Taste is super smooth, with vanilla and oak, especially towards the back, with a character of red wine tannin raising its head. Lots of coconut, always matched with chocolate, like a lamington or a Bounty bar. Long, long, long, palate. The linger at the back has a roast sharpness, almost a hint of sparkler ash, always covered with mounds of melty chocolate. Lovely.
Feel is super slick and smooth, and the length helps express those complexities.
Overall, this is absolutely the best example of the yeti I've had. It expresses all of the complexities, but pushes the elements together to make a lovely coherence.
86 / 100
Tried on-tap at the Great Divide Barrel Room in Denver.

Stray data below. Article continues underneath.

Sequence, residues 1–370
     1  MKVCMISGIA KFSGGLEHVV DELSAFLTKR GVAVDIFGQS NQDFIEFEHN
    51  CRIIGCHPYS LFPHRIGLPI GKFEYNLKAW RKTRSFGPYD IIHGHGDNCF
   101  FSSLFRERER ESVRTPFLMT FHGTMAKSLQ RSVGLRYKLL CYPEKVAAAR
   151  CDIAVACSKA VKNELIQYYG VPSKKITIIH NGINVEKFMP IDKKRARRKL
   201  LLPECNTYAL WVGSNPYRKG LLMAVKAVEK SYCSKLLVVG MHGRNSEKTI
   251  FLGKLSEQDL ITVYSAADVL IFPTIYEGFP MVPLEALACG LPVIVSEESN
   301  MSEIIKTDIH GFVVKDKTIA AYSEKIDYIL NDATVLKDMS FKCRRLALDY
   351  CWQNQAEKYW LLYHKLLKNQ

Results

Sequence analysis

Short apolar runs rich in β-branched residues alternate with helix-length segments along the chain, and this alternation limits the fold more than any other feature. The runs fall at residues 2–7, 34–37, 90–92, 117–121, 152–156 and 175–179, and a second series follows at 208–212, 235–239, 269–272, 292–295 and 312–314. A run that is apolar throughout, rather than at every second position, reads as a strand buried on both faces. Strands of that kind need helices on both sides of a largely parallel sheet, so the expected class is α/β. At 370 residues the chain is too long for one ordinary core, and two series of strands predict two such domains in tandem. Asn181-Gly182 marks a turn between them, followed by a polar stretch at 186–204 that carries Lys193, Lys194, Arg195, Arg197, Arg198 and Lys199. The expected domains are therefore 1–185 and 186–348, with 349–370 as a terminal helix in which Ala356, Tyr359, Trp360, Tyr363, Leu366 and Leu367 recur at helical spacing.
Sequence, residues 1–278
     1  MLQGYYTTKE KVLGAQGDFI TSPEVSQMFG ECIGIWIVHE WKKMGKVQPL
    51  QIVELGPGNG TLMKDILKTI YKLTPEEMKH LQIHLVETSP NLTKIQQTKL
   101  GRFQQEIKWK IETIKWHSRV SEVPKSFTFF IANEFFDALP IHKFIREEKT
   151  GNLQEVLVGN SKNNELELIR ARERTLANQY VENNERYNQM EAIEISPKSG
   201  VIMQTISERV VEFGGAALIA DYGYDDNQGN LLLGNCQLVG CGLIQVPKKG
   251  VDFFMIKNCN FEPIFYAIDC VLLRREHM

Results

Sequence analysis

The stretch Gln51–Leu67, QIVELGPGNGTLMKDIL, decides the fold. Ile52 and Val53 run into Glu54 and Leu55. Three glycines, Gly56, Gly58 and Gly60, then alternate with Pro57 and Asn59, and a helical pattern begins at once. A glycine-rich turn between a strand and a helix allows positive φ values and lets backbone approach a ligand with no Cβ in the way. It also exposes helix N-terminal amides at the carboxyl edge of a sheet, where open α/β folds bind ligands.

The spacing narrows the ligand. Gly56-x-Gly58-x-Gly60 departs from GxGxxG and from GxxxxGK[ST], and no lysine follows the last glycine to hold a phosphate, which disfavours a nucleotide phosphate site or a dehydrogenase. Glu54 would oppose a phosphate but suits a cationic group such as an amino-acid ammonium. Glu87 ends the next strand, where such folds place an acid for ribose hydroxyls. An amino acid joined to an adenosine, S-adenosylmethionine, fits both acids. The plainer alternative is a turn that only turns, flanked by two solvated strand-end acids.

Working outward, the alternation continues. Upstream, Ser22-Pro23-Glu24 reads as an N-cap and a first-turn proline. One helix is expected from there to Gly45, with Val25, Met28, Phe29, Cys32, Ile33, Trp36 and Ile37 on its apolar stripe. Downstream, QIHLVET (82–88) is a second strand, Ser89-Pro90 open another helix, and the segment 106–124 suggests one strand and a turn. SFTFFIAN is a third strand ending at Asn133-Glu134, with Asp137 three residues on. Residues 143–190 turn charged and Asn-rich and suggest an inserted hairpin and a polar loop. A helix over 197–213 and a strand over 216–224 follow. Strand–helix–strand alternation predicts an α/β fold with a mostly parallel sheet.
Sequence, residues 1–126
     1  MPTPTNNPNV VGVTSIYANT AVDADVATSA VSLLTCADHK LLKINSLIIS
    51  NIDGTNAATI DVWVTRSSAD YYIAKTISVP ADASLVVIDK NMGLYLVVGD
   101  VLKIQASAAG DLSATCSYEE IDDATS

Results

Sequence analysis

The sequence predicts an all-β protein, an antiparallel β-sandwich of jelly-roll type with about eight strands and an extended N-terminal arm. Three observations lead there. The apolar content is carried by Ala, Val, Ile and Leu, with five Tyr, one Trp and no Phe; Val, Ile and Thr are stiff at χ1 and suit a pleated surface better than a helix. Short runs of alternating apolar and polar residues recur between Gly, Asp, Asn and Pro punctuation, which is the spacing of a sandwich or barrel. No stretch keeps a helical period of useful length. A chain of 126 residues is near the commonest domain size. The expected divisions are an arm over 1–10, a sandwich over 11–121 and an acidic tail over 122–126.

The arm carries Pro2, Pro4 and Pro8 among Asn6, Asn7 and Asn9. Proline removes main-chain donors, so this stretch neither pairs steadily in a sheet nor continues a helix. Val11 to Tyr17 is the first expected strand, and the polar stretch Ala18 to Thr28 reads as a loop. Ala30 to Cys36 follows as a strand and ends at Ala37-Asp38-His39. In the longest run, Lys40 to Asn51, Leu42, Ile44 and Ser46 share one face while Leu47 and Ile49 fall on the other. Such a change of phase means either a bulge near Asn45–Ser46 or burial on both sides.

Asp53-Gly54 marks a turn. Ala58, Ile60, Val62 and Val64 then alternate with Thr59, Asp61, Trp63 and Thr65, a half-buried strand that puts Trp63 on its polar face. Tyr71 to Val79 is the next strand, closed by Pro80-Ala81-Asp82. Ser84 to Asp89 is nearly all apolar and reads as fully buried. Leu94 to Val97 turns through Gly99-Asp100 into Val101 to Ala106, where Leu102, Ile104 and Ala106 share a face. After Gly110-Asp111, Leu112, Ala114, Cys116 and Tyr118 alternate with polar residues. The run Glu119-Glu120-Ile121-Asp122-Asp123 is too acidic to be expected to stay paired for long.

Pours a hazy, pineapple colour. Head is fine, mostly persisting in a ring, but promoting great filming lace. Carbonation is extremely powdery. Looks very good.
Nose is big on pineapple, tying it into the look. There's a mango pulp character though as well, all overlaid with a slight farty organic character. There's some savoury notes that come through as a result, like crushed tomatoes on a pizza base, with a hint of spice. It's really good.
Taste is gorgeous. There's a smooth, creamy entry, with some vanilla ice-cream characters, which morphs into characters of orange sherbet and mango milkshake. It's amazingly aromatic once it's in the mouth too. Relatively sweet through the centre to the back of the palate, with no lingering bitterness. Faint linger of dried pineapple in the finish.
Feel is creamy and powdery. How it feels like both is beyond me.
Damn that's good. I've not had enough of the style to really say where it stands, but this is undeniably a good'un. It has captured better the creaminess brief than some of the progenitors of the style.